|Date of birth:||April 1887|
|Place of birth:||Grundisburgh, Suffolk|
|Rank / Service No:||Private, 6594|
|Died:||29th June 1915, aged 28 years|
|Buried:||Boulogne Eastern Cemetery, France (Plot VIII, Row B, Grave 53)|
This is a slightly complicated family story, in that the father of Charles (and his brother) is unknown.
Charles was borne by Ellen Goodchild, who was born in Tuddenham, Suffolk in 1863. She had already given birth to William, in 1880, in Ipswich.
Ellen married Henry Walter Cousins in Woodbridge in 1890. There is always the possibility that Henry was the father of one or both boys, but that is conjecture.
Henry was born in Ipswich in 1866 and he died in that city in 1940. The 1911 Census states that Henry and Ellen had no children !
At the time of Charles’ death, the couple were living at 31 Ranelagh Road, Ipswich.
Charles married Laura Ashley (!) in Maidenhead in 1914, and they had a daughter. There must be a very good chance that Charles never met his offspring.
Dorothy Laura b. 4th quarter 1914 Maidenhead d. 1993 Bournemouth Married Leslie T. Meaden in the New Forest in 1935.
Laura was born in Eton in 1892 and she passed away in Winchester in 1978.
This is the only tie-up with Hampshire for the family, although records show that Charles lived at 47 Ashtree Road, Bitterne Park at some time.
At the 1911 Census, Charles was with his battalion at the Mustapha Pacha Barracks in Alexandria.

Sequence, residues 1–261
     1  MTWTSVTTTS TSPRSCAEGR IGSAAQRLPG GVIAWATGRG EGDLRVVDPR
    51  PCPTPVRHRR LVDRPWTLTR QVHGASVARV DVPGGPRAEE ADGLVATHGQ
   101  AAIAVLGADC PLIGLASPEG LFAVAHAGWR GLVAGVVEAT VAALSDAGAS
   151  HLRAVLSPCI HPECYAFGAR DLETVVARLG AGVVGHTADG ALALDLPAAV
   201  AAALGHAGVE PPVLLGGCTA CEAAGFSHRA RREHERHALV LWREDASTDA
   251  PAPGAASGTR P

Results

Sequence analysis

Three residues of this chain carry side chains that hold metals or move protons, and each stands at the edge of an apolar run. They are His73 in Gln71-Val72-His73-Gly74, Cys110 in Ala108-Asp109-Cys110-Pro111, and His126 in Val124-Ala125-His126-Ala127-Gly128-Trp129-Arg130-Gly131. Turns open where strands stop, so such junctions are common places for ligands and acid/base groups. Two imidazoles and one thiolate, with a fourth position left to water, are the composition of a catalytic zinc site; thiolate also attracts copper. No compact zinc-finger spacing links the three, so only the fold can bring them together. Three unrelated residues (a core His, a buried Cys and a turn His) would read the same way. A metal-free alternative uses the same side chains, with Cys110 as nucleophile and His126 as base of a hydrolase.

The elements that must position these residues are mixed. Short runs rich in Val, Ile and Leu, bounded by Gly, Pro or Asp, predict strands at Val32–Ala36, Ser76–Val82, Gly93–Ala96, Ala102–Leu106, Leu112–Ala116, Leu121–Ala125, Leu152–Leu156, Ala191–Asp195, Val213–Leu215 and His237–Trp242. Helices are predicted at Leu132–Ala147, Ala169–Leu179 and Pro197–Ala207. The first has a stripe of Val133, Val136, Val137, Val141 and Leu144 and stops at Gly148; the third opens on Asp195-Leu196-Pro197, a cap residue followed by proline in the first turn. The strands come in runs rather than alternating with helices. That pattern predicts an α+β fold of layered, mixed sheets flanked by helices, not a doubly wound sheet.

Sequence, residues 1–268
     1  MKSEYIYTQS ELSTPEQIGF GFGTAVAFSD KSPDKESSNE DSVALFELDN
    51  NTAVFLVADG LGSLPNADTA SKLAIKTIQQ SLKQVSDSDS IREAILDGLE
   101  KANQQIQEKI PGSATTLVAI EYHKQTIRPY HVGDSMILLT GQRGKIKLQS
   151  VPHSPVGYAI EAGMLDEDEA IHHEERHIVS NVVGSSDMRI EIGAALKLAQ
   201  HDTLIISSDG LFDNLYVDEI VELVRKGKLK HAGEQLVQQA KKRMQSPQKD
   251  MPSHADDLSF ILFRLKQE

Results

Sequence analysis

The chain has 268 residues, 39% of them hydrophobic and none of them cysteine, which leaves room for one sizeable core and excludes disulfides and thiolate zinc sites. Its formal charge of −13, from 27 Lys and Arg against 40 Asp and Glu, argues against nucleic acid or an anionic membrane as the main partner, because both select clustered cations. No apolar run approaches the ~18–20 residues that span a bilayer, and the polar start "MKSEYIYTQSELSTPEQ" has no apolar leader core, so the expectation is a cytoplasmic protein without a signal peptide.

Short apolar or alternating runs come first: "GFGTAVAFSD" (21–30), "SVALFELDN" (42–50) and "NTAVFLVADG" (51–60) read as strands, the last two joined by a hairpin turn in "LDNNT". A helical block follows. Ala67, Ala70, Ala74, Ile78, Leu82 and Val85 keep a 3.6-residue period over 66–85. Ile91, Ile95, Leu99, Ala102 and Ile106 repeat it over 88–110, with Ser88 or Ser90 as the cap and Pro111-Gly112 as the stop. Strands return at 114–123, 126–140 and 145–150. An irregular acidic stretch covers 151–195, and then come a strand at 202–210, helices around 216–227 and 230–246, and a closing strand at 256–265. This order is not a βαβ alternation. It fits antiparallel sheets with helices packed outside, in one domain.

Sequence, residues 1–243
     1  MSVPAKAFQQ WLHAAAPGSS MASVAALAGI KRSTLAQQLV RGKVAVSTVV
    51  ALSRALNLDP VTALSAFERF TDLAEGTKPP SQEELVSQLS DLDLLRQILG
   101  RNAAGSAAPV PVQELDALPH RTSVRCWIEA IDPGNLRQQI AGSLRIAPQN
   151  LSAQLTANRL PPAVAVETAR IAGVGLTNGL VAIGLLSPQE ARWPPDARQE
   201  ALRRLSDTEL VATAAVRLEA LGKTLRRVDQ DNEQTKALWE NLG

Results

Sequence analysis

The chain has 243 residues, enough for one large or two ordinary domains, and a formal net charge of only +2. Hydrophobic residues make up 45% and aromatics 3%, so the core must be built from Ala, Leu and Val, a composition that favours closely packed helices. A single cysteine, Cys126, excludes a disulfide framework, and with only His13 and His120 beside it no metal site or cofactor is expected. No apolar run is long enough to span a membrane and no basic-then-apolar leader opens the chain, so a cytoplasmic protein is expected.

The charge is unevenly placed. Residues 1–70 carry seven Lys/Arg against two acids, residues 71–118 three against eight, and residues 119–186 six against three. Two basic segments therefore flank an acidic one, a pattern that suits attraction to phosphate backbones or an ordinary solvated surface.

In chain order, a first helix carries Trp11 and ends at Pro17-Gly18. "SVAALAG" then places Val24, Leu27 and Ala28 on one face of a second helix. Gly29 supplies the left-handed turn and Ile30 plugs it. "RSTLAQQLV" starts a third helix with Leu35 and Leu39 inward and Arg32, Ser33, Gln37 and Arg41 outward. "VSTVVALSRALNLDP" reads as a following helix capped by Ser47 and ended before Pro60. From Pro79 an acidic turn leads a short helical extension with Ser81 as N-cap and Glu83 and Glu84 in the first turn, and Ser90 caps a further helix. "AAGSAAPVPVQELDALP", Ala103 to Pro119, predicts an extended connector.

On 4 August 1914, the battalion was stationed at the Curragh in Ireland and was part of the 14th Brigade in the 5th Division.
The battalion landed at Le Havre in mid August and was in action the Battle of Mons and the subsequent retreat.
They then went straight into the Battle of Le Cateau, where the battalion lost over 700 men.
Not surprisingly, the battalion was then moved out of front line duties.
On 25 October 1914, the battalion was transferred to the 8th Brigade in the 3rd Division.
The Division moved up to the Ypres Salient in early 1915 and took over the trenches opposite the Messines Ridge, and at St. Eloi and The Bluff.
They moved to the Menin Road sector at Hooge and Bellewaarde and fought actions there on 16 June
This is when Charles suffered wounding; the division lost 5,600 men in two “actions” around Bellewaarde in June and September 1915.
Until June 1918, the dead from the hospitals at Boulogne itself were buried in the Cimitiere de L’Est, the Commonwealth graves forming a long narrow strip along the right-hand edge of the cemetery.
It now contains 5,577 Commonwealth WW1 burials; the new cemetery at Terlincthun took over from it in July 1918.
Charles’ headstone reads: “Though lost to sight still to memory dear.”
|Published:||3rd August 2016|
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